A Lesson in Voting


In October of 2008, my dad called my brother and me up to his room. His voice was a pitch higher than normal, revealing an urgency that I didn’t understand. As a news anchor blared in the background, he began to make his request: “We have different views on politics and how the government ought to operate. I’m sorry for the times I raised my voice over those issues. Next month, however, you are both going to come to the polls with me. I want you there with me as I cast my ballot for the first Black president of the USA. Mark my words, he will be a one-term president due to the backlash he’ll receive as a black man leading the USA.”

My father’s request confused me. I wasn’t 18, I hadn’t started high school, and I could not vote. What did it matter if I was there with him when he cast his own vote? Regardless of who a person votes for, my father was teaching me the importance of being civically engaged and casting your vote.

In the words of the great John Lewis, who led the Selma march for voting rights, “the vote is the most powerful nonviolent change agent you have in a democratic society. You must use it because it is not guaranteed. You can lose it.” My father was teaching me that by not being involved in politics, you are accepting the way the world currently works. 

What happens in politics feels distant and disconnected from my everyday life. At the heart of the issue is that politics influences whether or not the air I breathe is clean, the price of food as I go to the grocery store, my ability to access healthcare, and the funding that my local public school receives. Politicians respond to the needs of voters, and forget about the needs of non-voters.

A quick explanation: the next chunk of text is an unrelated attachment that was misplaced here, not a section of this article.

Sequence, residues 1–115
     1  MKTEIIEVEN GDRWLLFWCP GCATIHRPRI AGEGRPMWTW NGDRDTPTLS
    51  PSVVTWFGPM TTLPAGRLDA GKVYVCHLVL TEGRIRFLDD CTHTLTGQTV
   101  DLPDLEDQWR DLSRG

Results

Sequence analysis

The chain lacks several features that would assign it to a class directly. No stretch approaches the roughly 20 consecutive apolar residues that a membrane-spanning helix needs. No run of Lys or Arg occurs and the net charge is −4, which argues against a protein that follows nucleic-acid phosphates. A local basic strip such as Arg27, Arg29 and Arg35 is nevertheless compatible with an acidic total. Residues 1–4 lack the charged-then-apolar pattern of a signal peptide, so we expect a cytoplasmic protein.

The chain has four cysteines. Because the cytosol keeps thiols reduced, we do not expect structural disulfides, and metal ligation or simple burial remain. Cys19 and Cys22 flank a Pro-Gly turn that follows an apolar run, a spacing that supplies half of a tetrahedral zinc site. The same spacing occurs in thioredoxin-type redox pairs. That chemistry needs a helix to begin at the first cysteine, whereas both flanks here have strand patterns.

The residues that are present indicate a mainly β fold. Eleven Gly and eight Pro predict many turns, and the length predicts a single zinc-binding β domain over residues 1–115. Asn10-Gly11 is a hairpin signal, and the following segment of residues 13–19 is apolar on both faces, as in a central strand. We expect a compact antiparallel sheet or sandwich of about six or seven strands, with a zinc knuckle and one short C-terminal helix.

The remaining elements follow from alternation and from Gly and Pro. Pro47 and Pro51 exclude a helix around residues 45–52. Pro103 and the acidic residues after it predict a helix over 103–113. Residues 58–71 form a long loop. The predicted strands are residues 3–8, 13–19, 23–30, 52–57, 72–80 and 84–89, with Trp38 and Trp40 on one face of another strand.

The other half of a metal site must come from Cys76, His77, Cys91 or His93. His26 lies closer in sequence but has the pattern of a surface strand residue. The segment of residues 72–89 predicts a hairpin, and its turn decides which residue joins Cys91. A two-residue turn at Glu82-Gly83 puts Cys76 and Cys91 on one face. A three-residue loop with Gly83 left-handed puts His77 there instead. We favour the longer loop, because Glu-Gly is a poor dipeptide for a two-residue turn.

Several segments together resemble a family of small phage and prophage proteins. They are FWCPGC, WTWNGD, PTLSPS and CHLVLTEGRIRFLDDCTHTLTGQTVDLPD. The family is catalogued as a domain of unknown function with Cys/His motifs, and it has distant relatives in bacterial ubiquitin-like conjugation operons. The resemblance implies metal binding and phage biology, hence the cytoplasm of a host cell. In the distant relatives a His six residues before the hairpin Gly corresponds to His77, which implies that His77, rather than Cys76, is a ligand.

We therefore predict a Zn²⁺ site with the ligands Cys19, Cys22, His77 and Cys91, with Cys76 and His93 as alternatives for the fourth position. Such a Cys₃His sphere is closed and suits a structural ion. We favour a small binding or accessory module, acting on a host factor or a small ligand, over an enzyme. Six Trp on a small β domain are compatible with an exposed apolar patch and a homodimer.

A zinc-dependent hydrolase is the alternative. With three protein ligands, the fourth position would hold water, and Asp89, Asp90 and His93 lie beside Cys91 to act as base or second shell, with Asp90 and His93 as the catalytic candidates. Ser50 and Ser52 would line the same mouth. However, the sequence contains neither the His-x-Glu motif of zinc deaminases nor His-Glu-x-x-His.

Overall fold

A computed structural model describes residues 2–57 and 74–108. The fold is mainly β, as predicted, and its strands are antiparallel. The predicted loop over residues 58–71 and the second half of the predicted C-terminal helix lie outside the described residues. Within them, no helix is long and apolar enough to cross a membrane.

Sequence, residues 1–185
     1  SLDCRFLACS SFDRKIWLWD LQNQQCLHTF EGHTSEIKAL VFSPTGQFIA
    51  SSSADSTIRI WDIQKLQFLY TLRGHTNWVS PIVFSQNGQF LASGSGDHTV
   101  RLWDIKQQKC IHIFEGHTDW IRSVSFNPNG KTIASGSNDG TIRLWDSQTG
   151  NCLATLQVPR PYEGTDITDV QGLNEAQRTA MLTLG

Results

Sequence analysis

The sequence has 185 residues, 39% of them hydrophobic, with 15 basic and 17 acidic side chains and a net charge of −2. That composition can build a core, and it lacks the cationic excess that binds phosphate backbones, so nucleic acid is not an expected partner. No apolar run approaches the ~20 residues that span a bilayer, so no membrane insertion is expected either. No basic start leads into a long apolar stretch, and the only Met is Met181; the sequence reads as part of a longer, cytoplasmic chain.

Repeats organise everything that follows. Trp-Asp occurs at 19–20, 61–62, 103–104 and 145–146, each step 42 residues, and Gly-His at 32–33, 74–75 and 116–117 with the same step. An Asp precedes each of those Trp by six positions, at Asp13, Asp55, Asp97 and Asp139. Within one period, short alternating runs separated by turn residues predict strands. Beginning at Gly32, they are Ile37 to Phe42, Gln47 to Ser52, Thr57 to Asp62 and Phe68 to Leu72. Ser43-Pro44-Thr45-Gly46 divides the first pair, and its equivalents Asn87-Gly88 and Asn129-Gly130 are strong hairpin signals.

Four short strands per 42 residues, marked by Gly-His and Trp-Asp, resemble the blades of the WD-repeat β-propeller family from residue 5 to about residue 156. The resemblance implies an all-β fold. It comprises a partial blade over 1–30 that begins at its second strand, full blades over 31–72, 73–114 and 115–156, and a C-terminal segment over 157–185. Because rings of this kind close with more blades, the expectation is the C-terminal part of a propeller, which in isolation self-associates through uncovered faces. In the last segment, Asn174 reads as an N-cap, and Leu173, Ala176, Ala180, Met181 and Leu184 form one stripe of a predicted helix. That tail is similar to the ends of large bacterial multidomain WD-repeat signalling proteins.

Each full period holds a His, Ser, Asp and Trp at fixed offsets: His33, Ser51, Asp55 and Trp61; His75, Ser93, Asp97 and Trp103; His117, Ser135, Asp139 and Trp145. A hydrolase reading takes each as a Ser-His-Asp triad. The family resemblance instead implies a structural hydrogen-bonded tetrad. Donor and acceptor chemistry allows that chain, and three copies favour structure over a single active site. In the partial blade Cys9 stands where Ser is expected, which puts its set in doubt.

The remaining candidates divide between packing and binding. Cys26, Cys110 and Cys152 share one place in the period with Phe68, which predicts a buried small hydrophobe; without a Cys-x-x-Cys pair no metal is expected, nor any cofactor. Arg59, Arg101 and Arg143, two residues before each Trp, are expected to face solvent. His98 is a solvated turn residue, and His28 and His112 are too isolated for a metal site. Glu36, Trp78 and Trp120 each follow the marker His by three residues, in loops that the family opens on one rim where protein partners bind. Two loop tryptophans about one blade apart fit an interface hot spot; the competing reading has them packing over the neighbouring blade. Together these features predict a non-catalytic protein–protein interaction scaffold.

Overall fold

In 2012, the first year I was eligible to vote, I pridefully took to the polls to vote Barrack Obama in for his second term in office, proving my father wrong. The typical wisdom that accompanies advice about voting prizes national elections. Back then, I didn’t know that it is local elected officials who have more of an influence on your environment. Local elected officials decide how much of the budget goes to healthcare, policing, public parks, and food security programs. Those local elections are decided by very small numbers of votes, so your vote is a loud voice screaming out about what matters to you. 

How do you make your voice heard?  Request your mail-in ballot at this link or text “Vote Penn” to 34444. There’s even a text-based helpline if you have questions about your registration process, or you can dial 866-OUR-VOTE for help in many different languages. 

After you request your mail in ballot, you can learn how to properly fill in a mail-in ballot, and track your ballot to ensure it is counted. If election day arrives and you haven’t received confirmation that your vote was counted, you can go to your local polling station and submit a provisional ballot. A provisional ballot is counted once the election office verifies that your mail-in ballot was not already received and tallied. 

Since 2020 has been an enormously challenging year for society as a whole, many people are expected to turn out and vote in November. Get personalized voting information to compare candidates without being influenced by their campaign ads and see questions that they personally answered. 

Zonía R. Moore is an MD Candidate at the Perelman School of Medicine at the University of Pennsylvania. 

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